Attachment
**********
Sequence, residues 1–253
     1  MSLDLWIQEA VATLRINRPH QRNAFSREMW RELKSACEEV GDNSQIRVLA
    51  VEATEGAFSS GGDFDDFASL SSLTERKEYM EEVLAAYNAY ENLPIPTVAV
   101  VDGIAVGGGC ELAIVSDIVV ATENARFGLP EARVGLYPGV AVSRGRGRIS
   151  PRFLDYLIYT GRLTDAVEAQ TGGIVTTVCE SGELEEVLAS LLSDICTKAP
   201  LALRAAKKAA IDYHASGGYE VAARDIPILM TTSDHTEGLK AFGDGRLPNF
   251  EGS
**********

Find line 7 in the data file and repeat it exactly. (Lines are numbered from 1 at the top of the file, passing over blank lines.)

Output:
   251  EGS